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Modes of transfer, interrupts, and interrupt handling are crucial concepts in computer architecture and operating systems. They are fundamental to managing communication between the CPU and I/O devices efficiently. Let’s explore each in detail:

Modes of Transfer:

  1. Programmed I/O (PIO):
    • In PIO, the CPU directly controls data transfer between the I/O device and memory.
    • The CPU initiates data transfers by polling the device or waiting for status signals.
    • Suitable for low-speed devices and simple I/O operations but can result in high CPU overhead and inefficient use of resources.
  2. Interrupt-Driven I/O:
    • In interrupt-driven I/O, the CPU is freed from continuously polling devices by responding to interrupts generated by the devices.
    • Devices signal the CPU when they need attention or when data transfer is complete.
    • Allows the CPU to perform other tasks while waiting for I/O operations to complete, improving system efficiency.
    • More complex to implement but provides better performance and resource utilization compared to PIO.
  3. Direct Memory Access (DMA):
    • DMA allows devices to transfer data directly to and from memory without CPU intervention.
    • A DMA controller manages the data transfer, allowing the CPU to perform other tasks concurrently.
    • Ideal for high-speed data transfer between devices and memory, reducing CPU overhead and improving system throughput.

Interrupts & Interrupt Handling:

  1. Interrupts:
    • Interrupts are signals generated by hardware devices to request attention from the CPU.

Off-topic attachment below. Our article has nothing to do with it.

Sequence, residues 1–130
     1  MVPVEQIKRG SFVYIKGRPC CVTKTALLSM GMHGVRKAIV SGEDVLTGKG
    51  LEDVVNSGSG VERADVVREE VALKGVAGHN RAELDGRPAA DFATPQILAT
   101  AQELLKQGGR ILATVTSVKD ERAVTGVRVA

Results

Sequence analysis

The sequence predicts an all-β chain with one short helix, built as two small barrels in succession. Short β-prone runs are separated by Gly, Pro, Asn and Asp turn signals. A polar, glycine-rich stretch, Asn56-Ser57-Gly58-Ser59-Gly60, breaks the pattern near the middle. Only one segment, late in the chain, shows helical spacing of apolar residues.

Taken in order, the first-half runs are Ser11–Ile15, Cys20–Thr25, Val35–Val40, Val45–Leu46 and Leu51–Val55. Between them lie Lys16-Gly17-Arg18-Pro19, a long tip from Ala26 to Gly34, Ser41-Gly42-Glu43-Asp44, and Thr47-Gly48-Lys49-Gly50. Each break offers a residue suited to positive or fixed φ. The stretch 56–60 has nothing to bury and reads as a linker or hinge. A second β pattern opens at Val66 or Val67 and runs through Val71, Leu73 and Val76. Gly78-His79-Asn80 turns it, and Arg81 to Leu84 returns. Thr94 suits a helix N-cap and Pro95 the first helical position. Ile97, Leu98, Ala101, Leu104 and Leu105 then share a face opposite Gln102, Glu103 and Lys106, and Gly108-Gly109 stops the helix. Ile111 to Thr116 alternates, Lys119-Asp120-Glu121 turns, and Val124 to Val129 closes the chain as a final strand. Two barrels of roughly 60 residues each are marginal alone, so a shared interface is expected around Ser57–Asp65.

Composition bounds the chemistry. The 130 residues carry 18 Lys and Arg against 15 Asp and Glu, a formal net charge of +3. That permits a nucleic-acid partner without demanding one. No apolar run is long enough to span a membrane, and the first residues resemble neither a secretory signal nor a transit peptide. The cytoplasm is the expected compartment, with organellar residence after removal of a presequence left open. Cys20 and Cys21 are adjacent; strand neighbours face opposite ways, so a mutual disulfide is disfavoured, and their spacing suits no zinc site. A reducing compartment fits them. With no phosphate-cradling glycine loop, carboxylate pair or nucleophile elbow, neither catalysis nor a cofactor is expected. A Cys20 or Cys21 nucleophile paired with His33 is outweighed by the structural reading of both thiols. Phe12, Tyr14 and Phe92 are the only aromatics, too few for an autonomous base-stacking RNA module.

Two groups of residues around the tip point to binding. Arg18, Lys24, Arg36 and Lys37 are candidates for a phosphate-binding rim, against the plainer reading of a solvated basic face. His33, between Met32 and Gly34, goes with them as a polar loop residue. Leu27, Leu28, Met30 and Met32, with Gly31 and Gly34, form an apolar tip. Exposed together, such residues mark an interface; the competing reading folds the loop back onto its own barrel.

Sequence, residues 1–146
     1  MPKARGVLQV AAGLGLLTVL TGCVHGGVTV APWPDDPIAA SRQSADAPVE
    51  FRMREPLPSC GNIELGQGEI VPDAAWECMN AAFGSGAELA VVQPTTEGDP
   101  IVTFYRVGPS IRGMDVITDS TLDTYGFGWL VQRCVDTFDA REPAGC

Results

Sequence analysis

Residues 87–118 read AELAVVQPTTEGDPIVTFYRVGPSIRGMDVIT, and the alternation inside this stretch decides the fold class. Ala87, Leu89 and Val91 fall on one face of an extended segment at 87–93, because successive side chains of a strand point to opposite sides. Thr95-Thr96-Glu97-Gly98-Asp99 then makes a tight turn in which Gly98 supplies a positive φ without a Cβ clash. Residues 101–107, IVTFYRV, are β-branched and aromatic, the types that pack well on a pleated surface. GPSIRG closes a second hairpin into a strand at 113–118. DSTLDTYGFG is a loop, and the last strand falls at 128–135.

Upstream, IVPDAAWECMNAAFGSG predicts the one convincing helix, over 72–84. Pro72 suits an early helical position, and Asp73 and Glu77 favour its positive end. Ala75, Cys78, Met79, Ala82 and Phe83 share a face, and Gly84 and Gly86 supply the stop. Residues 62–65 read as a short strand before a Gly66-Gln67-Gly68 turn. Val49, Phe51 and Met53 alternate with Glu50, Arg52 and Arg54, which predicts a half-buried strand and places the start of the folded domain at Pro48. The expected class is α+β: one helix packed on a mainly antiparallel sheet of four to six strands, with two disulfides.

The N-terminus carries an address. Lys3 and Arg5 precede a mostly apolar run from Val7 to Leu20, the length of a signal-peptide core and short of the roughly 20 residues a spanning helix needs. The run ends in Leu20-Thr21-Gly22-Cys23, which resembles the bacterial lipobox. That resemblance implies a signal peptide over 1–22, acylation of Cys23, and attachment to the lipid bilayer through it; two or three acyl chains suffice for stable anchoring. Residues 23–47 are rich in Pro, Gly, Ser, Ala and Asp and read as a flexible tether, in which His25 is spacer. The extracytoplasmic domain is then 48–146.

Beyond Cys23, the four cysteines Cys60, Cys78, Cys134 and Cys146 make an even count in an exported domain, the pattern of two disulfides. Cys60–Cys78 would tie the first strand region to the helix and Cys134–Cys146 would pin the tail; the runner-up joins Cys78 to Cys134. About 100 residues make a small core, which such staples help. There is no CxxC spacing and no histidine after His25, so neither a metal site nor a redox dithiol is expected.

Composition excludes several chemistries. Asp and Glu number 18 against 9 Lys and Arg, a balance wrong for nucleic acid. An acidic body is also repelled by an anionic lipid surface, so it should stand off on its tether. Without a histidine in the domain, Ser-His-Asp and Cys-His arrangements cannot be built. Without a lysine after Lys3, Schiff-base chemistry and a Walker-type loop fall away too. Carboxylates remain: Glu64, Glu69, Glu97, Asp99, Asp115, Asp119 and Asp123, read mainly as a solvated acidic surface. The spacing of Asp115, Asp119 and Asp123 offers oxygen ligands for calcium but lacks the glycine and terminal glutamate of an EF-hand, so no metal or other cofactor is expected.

• Interrupts can be triggered by various events, such as I/O completion, hardware errors, timer expiration, or external user input.
    • Upon receiving an interrupt, the CPU suspends its current execution and transfers control to an interrupt handler, also known as an interrupt service routine (ISR).
  2. Interrupt Vector Table (IVT):
    • The interrupt vector table is a data structure used by the operating system to map interrupt numbers to their corresponding interrupt handlers.
    • Each entry in the IVT contains the address of the interrupt handler for a specific interrupt number.
  3. Interrupt Handling Process:
    • When an interrupt occurs, the CPU saves its current state (program counter, registers) and transfers control to the interrupt handler associated with the interrupt number.
    • The interrupt handler executes the necessary tasks to service the interrupt, such as handling I/O operations, updating system state, or processing data.
    • After completing the interrupt handler, the CPU restores its previous state and resumes execution of the interrupted program.
  4. Interrupt Priority:
    • Some systems support multiple interrupt sources with varying priority levels.
    • Interrupt priority determines the order in which interrupts are serviced when multiple interrupts occur simultaneously.
    • Higher-priority interrupts preempt lower-priority interrupts, ensuring that critical tasks are handled promptly.

Effective interrupt handling is essential for efficient I/O operations, real-time processing, and overall system responsiveness. It allows the CPU to manage multiple tasks concurrently while efficiently servicing I/O requests from various devices.